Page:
He graduated from VanderCook College of Music in Chicago in 1965 with a Masters degree in Music and was active in the WI Bandmasters Association, served as its President and is its oldest member at over 60+ years. During his Lancaster School District career he started in the grade school and junior high school then moved to the high school when the opportunity arose. During this time he developed award winning performance groups through band, choir and orchestra in Lancaster over his 32 years leading music before retiring in 1985 .
In the fall of 1954 Duane organized Musical Carnival as a fundraiser for the Music Department of LHS. In 1955 this Carnival became known as the “Cabaret,” the rest is history. Cabaret is arguably Duane’s most lasting legacy. This annual spring musical performance and fundraising event began in the old high school gym (now Lancaster Middle School) and featured many if not most of the students involved in LHS music. 
Song Spinners started in 1967 when a double quartet of sophomore boys was blended with a sextet of senior girls forming the first group.  By 1969 the Song Spinners had performance changes of clothes, props and multiple sets of musical presentations traveling the state performing as one of the first swing choirs in WI.  Duane’s Class A choirs and bands routinely scored at the highest level at the music festival competitions in Southwest Wisconsin.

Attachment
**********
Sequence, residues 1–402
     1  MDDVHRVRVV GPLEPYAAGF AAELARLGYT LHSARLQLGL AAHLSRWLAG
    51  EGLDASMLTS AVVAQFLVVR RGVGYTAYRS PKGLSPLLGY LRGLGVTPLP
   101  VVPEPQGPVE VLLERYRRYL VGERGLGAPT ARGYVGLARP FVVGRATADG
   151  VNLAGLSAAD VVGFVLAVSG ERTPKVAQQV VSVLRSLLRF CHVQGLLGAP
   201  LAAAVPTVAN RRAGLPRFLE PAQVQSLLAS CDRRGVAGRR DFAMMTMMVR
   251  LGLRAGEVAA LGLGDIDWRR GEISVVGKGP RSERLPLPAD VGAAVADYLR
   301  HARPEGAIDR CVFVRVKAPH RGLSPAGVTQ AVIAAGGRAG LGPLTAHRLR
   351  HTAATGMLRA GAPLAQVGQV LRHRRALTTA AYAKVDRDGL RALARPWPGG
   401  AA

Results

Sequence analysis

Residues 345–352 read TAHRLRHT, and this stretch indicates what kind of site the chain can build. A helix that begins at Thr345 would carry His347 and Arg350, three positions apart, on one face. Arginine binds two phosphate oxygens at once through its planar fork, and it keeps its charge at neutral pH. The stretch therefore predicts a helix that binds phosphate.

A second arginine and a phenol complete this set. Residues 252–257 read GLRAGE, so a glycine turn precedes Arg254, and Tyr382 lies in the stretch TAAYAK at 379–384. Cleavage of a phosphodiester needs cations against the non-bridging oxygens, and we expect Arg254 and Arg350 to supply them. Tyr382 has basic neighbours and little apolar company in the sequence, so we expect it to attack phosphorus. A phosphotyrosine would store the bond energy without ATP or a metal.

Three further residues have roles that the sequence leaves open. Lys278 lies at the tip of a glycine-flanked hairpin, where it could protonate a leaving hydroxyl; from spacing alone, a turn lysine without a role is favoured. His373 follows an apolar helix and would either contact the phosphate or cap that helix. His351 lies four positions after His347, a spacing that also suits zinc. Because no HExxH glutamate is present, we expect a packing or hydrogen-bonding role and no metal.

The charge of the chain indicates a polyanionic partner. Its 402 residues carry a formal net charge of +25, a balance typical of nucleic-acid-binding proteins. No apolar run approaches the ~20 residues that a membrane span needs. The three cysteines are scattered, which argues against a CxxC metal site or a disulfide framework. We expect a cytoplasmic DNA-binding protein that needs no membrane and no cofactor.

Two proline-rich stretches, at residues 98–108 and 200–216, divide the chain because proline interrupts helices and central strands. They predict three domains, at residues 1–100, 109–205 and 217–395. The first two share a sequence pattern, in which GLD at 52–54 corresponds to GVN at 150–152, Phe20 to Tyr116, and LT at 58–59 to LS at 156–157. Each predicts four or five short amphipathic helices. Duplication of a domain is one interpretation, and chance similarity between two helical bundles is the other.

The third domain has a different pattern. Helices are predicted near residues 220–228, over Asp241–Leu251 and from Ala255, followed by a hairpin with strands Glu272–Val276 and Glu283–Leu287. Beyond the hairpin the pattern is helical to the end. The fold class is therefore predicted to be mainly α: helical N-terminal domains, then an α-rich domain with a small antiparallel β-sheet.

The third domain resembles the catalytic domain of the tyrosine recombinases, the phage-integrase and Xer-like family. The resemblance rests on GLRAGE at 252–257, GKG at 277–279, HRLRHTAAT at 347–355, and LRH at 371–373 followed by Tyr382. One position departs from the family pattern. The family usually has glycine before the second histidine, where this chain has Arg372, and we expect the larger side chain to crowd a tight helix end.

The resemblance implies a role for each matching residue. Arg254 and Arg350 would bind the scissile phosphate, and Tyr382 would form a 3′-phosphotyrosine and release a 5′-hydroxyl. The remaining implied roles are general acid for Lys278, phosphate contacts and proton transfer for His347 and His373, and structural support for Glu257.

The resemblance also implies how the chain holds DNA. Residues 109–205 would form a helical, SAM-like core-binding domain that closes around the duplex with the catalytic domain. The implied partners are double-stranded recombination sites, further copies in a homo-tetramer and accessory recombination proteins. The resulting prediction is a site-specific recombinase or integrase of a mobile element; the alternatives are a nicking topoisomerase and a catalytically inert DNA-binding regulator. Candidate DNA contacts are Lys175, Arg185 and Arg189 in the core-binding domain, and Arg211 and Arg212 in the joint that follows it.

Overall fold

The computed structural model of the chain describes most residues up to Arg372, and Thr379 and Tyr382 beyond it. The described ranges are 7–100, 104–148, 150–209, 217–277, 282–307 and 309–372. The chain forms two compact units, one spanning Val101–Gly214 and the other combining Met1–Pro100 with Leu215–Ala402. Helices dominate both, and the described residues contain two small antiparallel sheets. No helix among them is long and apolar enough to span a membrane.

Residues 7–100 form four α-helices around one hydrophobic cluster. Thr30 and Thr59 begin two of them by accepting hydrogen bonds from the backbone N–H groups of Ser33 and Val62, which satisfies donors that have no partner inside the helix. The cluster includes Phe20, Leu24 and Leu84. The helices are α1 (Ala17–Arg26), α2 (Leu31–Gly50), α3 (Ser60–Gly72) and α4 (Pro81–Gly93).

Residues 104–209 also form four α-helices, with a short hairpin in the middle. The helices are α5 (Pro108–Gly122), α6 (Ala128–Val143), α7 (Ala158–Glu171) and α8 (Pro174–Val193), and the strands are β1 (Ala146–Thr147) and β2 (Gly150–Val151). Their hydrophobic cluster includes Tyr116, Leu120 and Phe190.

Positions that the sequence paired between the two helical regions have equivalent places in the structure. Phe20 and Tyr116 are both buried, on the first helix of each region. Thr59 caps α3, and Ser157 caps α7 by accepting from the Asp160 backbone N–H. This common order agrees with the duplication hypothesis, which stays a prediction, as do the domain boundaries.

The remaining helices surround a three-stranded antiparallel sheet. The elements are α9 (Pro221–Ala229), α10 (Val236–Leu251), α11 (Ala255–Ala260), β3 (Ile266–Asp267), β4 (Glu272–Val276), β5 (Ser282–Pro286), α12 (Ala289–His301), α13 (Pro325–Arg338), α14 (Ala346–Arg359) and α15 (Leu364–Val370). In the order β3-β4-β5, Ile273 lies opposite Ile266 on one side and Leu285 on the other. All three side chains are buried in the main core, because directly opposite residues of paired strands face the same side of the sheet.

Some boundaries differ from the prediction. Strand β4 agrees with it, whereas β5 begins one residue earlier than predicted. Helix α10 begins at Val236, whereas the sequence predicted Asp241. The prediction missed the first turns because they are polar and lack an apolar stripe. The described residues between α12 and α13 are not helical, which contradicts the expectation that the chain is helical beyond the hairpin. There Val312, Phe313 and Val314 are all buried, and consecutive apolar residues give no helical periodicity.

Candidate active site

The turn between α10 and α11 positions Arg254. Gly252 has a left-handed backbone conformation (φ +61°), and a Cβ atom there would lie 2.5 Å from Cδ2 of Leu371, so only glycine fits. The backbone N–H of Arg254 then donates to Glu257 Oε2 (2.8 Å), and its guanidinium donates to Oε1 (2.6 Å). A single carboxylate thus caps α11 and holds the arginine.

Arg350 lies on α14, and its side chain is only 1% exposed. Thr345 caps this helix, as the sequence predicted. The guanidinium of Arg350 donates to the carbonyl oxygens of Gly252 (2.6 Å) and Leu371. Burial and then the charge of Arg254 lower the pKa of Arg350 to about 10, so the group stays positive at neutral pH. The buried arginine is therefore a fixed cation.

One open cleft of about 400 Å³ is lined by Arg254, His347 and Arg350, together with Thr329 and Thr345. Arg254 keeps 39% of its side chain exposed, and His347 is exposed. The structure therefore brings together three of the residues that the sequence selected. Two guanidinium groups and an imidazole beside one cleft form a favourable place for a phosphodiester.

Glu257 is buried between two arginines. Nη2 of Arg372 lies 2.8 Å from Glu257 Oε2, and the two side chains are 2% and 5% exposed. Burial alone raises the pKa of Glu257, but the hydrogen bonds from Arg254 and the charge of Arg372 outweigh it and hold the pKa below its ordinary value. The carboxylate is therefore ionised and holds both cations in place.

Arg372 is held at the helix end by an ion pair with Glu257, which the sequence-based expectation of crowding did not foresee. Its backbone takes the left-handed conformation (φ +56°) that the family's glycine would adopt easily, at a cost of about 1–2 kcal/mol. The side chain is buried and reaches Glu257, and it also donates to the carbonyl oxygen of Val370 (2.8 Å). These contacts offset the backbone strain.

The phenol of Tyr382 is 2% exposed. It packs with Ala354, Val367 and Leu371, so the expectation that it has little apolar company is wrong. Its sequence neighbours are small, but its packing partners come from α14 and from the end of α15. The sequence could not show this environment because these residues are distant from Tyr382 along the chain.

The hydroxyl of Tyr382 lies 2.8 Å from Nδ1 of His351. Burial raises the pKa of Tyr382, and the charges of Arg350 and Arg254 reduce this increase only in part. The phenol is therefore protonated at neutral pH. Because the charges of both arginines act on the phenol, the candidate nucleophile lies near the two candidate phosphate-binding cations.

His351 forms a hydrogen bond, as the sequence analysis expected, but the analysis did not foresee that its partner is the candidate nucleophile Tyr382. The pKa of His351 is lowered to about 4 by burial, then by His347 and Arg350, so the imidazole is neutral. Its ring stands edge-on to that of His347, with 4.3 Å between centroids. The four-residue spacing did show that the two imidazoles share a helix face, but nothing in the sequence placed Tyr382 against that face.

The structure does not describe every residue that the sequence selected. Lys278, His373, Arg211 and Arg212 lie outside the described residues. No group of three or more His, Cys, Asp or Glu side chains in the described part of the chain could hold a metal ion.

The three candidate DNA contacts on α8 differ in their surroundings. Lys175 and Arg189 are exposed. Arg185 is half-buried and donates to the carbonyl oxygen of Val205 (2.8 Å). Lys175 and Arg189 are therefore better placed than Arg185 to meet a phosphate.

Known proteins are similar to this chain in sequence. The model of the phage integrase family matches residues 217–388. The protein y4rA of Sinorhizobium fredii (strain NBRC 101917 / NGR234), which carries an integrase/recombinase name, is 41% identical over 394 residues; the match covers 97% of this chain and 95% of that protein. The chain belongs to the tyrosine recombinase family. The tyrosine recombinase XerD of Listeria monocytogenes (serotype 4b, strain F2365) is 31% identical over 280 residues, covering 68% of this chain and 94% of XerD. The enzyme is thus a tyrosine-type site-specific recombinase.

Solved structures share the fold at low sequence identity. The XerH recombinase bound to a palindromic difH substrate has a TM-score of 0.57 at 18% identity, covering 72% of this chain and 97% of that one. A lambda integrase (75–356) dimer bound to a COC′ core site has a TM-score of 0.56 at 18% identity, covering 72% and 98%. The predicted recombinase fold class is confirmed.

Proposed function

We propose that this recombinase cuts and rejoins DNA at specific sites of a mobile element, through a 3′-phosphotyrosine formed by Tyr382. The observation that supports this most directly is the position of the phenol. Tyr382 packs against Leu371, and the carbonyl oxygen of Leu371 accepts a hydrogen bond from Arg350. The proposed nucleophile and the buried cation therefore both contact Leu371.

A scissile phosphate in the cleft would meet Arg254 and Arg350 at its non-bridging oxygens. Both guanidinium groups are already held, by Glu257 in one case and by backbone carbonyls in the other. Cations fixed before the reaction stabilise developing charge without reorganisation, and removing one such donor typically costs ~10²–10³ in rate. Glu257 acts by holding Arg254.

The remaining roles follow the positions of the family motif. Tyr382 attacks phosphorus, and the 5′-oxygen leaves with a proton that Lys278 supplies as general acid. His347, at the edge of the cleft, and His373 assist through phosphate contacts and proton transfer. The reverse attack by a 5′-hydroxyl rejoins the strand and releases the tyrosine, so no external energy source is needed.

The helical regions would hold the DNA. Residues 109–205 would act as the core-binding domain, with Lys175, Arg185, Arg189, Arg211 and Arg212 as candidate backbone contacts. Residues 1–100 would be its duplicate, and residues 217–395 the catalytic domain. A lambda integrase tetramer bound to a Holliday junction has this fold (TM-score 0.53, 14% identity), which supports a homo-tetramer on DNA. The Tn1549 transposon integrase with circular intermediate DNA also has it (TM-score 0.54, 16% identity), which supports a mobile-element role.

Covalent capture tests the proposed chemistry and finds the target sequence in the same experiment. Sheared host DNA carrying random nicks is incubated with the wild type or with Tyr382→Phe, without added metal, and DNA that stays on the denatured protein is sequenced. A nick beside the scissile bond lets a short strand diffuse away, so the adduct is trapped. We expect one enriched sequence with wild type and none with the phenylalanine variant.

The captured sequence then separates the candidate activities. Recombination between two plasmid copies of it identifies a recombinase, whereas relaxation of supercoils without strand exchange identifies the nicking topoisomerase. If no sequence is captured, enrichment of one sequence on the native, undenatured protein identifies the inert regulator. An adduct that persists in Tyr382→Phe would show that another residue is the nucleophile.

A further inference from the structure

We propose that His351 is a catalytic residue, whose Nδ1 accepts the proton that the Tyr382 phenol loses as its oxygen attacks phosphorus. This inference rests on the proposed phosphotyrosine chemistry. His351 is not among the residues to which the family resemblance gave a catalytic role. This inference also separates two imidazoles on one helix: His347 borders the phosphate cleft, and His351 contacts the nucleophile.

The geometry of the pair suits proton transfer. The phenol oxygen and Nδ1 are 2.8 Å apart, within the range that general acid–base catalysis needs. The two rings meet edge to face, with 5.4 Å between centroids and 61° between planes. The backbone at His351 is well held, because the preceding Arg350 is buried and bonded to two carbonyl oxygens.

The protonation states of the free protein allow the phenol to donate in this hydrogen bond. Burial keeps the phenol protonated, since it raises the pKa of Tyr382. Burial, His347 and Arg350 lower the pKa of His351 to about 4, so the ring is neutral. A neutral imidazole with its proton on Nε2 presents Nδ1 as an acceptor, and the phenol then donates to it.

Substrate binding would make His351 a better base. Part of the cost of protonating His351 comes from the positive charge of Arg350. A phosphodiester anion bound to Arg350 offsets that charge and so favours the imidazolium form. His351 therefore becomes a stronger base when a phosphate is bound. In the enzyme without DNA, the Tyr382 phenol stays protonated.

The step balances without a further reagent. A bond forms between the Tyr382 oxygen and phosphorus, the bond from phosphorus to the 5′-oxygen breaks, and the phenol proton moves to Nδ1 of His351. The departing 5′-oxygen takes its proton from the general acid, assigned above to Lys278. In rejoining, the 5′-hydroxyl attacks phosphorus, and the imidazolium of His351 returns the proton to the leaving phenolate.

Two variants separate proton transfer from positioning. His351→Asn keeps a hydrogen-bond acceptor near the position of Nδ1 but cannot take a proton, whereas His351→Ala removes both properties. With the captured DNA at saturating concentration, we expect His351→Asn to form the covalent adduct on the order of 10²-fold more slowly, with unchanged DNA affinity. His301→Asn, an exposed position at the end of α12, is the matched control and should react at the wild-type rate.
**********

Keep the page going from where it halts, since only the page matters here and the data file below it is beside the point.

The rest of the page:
He loved teaming up with his dear friend and teaching cohort Ann Elston, together coaching their high school students through many successful performances and musicals over the years.
He taught the String Instrument Repair Workshop for over 20 years at UW-Madison. He began there as a student himself when he taught orchestra in Lancaster. After the founding teacher retired, Duane was asked to teach the class which he continued to do over 20 summers. In 1981 he started a cottage business, Strings and Things repairing string instruments and building furniture out of wood which is still active today.
Since retiring in 1985 they moved to Joan’s hometown area of Lake Delton to be close to elderly family and built their retirement home near the family lake home. They have lived a full and healthy life since leaving Lancaster engaged in their church choir, active member of his Kiwanis Club as well as serving as Assistant District Governor, continues active participation with the American Legion, and Baraboo Community Band involvement....yes, he is the oldest in the band at 87. They love to travel and have had the opportunity of many visits to overseas destinations.
Duane Wilcox was one of those teachers that made a difference in life after life after life, Allan noted, which is why they wanted to honor him and his wife.  He grew the music department at Lancaster High School to include the now famous Cabaret. Song Spinners is a cornerstone of the music department to this day. There are many memories centered around the amazing teacher.
Duane’s wife Joan also had some memories to share. “Once a week when Earl Liddle  [a former high school band director in the area and a salesmen for Ward Brodt Music] was in town, Dick Johnson, Monte Muller and Duane Wilcox would meet at the Pink Pony after school was out. This ‘Think Tank’ [the four of them] was always about how can we make the LHS Music Department better,” Joan said. “Duane would always come home for the evening meal and share that day’s topic of discussion with the family.”